marriage, paternity, family law
This article examines the recent history and current status of the marital presumption of paternity. It explores the social, economic and legal developments that have contributed to the erosion of the presumption, focusing in particular on the efforts of federal and state governments to identify and collect financial support from unmarried biological fathers. The article then describes the procedural and equitable doctrines that some courts and legislatures have used to bolster the marital presumption in the face of conflicting biological evidence. Finding these approaches problematic, the article advocates a revitalized marital presumption as a substantive rule of law. It argues that marriage should generally be a sufficient – albeit not an exclusive – basis for ascribing legal fatherhood and that spouses and former spouses should have only a limited ability to rebut the presumption. The article also endorses the notion of dual fatherhood as an option for cases in which a child has both a marital and an involved genetic father.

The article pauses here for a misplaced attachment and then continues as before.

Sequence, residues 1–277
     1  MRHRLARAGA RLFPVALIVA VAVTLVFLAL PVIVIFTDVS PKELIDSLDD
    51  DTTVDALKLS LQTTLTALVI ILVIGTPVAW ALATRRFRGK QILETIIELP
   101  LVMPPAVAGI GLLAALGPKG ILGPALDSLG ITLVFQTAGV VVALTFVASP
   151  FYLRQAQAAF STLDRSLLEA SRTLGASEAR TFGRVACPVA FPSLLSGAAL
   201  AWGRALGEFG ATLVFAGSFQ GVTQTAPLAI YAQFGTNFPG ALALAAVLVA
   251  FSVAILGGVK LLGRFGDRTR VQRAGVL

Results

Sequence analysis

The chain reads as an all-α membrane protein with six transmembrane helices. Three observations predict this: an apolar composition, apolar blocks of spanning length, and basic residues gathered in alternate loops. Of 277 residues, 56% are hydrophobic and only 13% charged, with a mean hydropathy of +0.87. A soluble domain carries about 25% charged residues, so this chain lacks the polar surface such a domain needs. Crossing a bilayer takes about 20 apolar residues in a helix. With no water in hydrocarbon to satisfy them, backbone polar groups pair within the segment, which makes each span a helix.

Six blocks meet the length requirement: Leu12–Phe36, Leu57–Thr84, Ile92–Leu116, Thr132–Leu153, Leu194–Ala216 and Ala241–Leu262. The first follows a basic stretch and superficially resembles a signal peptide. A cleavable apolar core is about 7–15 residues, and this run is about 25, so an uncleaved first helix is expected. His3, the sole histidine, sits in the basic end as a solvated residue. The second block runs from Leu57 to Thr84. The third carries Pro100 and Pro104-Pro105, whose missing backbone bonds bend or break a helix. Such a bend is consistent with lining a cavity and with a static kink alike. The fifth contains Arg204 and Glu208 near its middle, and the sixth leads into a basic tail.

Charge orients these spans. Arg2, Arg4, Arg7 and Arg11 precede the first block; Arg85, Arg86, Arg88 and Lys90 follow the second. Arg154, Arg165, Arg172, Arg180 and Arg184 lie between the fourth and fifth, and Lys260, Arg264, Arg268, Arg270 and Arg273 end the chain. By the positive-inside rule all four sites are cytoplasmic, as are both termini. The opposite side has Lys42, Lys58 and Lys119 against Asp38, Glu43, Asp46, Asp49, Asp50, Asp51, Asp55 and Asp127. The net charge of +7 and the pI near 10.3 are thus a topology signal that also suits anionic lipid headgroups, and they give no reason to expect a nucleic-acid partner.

65 Maryland Law Review 246 (2006).